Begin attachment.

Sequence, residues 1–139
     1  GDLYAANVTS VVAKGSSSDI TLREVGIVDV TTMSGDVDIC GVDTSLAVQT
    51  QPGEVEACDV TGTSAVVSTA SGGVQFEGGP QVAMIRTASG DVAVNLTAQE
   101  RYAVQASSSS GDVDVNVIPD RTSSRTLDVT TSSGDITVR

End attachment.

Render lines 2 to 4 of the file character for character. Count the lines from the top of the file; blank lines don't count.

     1  GDLYAANVTS VVAKGSSSDI TLREVGIVDV TTMSGDVDIC GVDTSLAVQT
    51  QPGEVEACDV TGTSAVVSTA SGGVQFEGGP QVAMIRTASG DVAVNLTAQE
   101  RYAVQASSSS GDVDVNVIPD RTSSRTLDVT TSSGDITVR